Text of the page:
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Smart Client Application Part3

Office Smart Client Applications

Microsoft Office System 2003 provides you with a useful platform on which to build smart client applications, especially in an enterprise setting. With an Office smart client solution, you can integrate data sources, accessed through Web services, with the features of Word 2003, Excel 2003, InfoPath 2003, or other Office applications to develop smart client solutions.
Microsoft Office 2003 & 2oo7 has a number of key features and options for building smart client solutions. These include:

Smart tags: Smart tags give applications a way to provide users with context sensitive data pertaining to the contents of a document and allow them to easily see and use relevant information when working within a document.

Smart documents: Smart documents provide a more powerful way for the user to interact with documents and business Web services.

Microsoft Visual Studio® Tools for the Microsoft Office System: This suite of tools enables developers to create managed code Office smart client applications by using the Microsoft Visual Studio .NET development system.
Microsoft Office InfoPath™: InfoPath is an application that can gather structured data from the user by using a form-like interface. InfoPath provides support for XML Web services, a form-based user interface, and support for standard technologies such as WSDL and UDDI. InfoPath supports limited offline use by allowing the user to interact with the form when offline and then allowing the user to forward the form to a Web service when the user is online.

Mobile Smart Client Applications

Mobile smart clients are applications that run on smart devices — Pocket PCs, Smartphones, and other small form factor devices such as set-top boxes. These applications are developed using the .NET Compact Framework, which is a subset of the full .NET Framework.
The .NET Compact Framework has many of the features of the full .NET Framework, supports XML, and consumes Web services. It is optimized for use on small form factor devices, and it includes the Windows Forms designer for developing the user interface.
By using the Visual Studio .NET Smart Device Projects, you can develop smart clients that will run on the .NET Compact Framework. This approach allows you to develop, test and debug an application by using Visual Studio .NET on an emulator of the small form factor device. The use of an emulator significantly speeds up development and testing of these types of applications.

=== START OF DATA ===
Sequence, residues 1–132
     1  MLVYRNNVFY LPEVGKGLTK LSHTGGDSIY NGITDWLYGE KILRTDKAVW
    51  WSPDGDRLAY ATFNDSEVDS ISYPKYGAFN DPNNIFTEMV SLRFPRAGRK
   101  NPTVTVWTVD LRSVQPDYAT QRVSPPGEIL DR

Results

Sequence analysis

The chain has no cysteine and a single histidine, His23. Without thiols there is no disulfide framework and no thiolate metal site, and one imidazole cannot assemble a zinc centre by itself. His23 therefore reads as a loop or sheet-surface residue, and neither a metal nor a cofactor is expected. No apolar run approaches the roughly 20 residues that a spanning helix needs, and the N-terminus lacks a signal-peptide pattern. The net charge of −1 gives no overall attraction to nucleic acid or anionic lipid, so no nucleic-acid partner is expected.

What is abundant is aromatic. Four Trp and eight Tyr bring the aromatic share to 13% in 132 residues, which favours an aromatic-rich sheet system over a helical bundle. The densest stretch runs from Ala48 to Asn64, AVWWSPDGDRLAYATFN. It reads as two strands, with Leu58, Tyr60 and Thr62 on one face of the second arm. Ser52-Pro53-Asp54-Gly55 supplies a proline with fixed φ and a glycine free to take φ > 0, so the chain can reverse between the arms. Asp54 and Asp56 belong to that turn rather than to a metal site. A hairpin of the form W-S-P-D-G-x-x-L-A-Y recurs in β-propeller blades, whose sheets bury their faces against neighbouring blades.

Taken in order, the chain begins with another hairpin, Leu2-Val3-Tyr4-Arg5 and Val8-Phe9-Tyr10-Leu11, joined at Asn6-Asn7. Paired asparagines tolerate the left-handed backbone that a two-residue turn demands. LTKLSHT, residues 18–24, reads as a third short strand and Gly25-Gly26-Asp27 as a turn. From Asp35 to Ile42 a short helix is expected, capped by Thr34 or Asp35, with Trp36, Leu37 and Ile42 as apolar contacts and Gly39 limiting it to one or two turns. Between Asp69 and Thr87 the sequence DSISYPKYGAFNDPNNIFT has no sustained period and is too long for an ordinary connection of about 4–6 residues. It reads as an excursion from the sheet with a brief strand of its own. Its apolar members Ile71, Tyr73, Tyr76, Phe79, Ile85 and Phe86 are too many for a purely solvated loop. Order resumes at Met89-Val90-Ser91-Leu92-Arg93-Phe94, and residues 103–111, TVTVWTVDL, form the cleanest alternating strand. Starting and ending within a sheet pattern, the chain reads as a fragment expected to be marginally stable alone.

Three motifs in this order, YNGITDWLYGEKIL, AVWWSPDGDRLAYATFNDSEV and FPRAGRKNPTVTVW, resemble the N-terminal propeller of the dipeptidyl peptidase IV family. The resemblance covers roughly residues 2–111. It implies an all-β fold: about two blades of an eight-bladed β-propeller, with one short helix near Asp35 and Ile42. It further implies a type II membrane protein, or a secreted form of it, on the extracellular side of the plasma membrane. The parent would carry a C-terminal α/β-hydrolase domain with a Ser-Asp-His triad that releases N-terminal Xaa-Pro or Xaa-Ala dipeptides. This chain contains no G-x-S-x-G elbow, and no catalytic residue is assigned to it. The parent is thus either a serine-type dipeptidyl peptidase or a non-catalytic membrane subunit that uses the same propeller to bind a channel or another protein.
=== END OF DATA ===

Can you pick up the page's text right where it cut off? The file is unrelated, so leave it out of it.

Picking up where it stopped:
Mobile smart client applications are typically used to provide mobile access to essential data and services, or to collect and aggregate data when the user is mobile.
Examples of these types of applications are insurance and financial data-gathering applications, inventory management applications, and personal productivity management applications.
This guide does not specifically focus on mobile smart client applications, although many of the architectural issues and solutions that it discusses are relevant to smart devices.


February 9, 2007 Posted by | Smart Client Applications | Leave a comment

Smart Client Applications Part 2

Types of Smart Clients

Smart client vary in design and implementation so they can take many different forms and styles. These forms can divide into three categories:
· Windows smart client applications
· Office smart client applications
· Mobile smart client applications

It’s common that smart client applications target on one or more of these platforms, depending on the users and functionality required .such flexibility is one of the strength keys of the smart client applications.

Windows Smart Client Applications

To develop a rich client application, you may think to develop applications that uses available system resources and that provides a rich user interface.
Windows smart client applications represent an evolution of traditional rich client applications.